Tribute to Wally Menne

By Sheila Berry

A week ago, on Thursday 26 October 2017, one of KZN’s most dedicated and well-known activists, Wally Menne, unexpectedly passed away.  His sad death, at 66 years old, leaves a huge void. He is survived by his wife, Rose Williams, Director of Biowatch, and three sons, Adam, Robus and Verdan.

Numerous tributes in praise of Wally are in circulation, many from international organisations, confirming that he was a man of enormous integrity and courage, and a fierce supporter of environmental and social justice.

Wally was the founding director of Timberwatch, an NGO that exposed and challenged thirsty industrial plantations that robbed rural communities of their land and livelihoods, destroyed indigenous forests and threatened grasslands.

Wally was also strongly opposed to mining in KZN. He was central to the successful Campaign for St. Lucia in the late 1980s and 1990s that saved the eastern shores from titanium mining, and instead  opened the way for the creation of the iSimangaliso Wetland Park as a World Heritage site.

Wally was highly critical of Richards Bay Minerals, Tendele Coal Mining and Zululand Anthracite Colliery (ZAC). As such, he was a long standing ally of the Global Environmental Trust (GET). The day before he died, Wally invited GET to join him on a visit to Okhukho, to see firsthand the impacts of ZAC on this community.

We will deeply miss Wally for his knowledge, wisdom, dedication,  commitment, and courage. May his spirit and excellent work continue to inspire people to fight the good fight.

There will be a celebration of Wally’s life at the Durban Botanical Gardens Visitors Centre on Friday 3rd November at 16h00.


  1. Dr Bob de Laborde

    Along with others, I am deeply saddened to rear of Wally’s rather untimely passing.

    Since much is noted about Timberwatch, I felt I should fill in more of this NGO that achieved much and to which Wally was dedicated.

    My old compute broke so I lost precise dates, but in early 1996, a developed bought some 35km of land on both sides of the road from the Loteni River going on towards Nottingham Road with the intentions of planting it to timber. This is magnificent part of the Drakensberg and timber would have totally destroyed it. To make this worse for me, it included the farms my wife’s family had owned and where she was born and an area where I spent much of my life.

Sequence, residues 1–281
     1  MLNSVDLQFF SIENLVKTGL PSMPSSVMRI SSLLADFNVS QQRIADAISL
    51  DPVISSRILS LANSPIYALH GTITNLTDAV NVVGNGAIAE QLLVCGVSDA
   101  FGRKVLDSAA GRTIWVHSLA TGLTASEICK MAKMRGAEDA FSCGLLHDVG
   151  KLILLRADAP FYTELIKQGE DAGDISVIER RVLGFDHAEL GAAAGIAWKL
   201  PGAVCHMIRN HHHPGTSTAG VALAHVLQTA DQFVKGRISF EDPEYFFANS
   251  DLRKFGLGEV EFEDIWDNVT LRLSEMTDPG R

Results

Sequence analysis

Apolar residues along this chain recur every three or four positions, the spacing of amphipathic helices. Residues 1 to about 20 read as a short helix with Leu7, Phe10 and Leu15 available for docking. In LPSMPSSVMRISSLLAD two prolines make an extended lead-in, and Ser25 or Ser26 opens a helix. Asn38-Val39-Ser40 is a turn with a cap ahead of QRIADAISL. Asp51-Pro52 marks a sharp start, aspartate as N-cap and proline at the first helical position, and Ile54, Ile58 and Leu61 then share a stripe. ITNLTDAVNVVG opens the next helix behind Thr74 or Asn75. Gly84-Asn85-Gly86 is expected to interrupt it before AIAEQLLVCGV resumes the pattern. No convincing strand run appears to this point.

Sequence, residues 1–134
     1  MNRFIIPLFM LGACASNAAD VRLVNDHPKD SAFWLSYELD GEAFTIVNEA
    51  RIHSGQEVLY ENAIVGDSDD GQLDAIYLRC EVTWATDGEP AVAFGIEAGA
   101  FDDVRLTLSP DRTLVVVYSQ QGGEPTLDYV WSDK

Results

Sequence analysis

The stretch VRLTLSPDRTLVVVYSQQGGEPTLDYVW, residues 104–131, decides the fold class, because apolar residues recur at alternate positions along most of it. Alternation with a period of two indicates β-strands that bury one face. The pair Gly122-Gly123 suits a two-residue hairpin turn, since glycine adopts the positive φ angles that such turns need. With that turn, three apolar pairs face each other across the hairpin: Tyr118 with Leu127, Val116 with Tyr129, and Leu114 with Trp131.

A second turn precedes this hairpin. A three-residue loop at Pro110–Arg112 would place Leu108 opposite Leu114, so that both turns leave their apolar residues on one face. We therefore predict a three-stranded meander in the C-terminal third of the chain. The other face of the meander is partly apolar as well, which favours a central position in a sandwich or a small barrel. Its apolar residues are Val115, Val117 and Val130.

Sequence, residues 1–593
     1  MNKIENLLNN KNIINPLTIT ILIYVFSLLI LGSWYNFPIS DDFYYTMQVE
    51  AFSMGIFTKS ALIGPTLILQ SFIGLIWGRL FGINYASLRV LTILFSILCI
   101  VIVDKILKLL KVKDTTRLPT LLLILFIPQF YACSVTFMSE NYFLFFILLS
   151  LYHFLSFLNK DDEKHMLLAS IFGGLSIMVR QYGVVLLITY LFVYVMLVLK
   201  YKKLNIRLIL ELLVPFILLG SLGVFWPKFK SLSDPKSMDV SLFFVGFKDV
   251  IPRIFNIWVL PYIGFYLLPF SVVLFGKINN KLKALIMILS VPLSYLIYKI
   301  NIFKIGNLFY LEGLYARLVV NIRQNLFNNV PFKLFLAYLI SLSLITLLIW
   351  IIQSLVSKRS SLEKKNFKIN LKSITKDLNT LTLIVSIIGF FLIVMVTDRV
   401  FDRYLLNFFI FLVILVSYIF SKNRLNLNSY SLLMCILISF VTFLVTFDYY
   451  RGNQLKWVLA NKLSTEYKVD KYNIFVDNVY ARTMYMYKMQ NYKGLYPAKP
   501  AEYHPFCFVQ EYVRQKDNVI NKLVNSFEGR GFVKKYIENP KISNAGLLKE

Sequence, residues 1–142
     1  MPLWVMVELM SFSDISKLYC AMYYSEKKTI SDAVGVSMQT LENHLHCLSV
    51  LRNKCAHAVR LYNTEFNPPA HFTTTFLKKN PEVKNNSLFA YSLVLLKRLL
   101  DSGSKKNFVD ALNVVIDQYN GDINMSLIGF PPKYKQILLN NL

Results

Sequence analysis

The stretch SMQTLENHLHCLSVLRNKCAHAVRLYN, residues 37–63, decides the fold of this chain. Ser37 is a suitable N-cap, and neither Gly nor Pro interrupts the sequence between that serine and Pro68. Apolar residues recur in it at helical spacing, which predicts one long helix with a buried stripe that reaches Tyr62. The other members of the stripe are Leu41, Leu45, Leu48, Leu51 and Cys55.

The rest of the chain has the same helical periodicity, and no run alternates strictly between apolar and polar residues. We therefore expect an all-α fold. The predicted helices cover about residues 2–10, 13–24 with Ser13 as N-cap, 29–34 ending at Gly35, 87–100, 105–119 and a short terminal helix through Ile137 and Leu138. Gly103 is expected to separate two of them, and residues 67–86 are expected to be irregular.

I was incensed so started to oppose it with all I could. The battle raged through the year and on into the next with the Forestry Department siding with the developed in a bias and despicable manner despite the land being completely off-site for timber. I turned to the Pietermaritzburg branch of Earthlife Africa for help and had their much appreciated support. The Mercury and The Natal Witness also gave me great support. Later the Wildlife Society, WESSA, came to my support. The battle became so severe, that it was in-part responsible for Karda Asmal, the then Minister of Forestry, calling a national symposium which was held at the University in Pietermaritzburg. Following much trauma, we ultimately won and not a single tree has ever been planted.

    At a meeting with Earthlife Africa short after this, they suggested we form an NGO on the strength of the momentum created and so embryonic Timberwatch was formed very much under the wing of Earthlife’s wing. A small group of us combined with WESSA to continue to oppose the rape of South Africa by the mighty timber industry. Follow some delays we had our inaugural meeting at the Botanical Gardens, Pietermaritzburg.

    Around the time, or some time before I can’t recall, we were joined by Wally Menne. I was delighted to have his enthusiasm, energy, and commitment. At meetings shortly follow the inauguration, we formed the committee, drew up a constitution, and decided on Timberwatch’s letterhead.

    In the years that followed, using Wally’s enthusiasm, many contacts and activist talents combined with my many years’ experience in timber, Timberwatch became as substantial force opposing the timber industry and creating national awareness of the destruction the industry was inflicting on South Africa and surrounding countries.

  2. Dr Bob de Laborde

    My last comment sent unexpectedly. My sincere condolences to you Rose. This must have been a dreadful shock to you and your and Wally’s families. Words seem so inadequate and cannot carry fully all I feel for you at this time.

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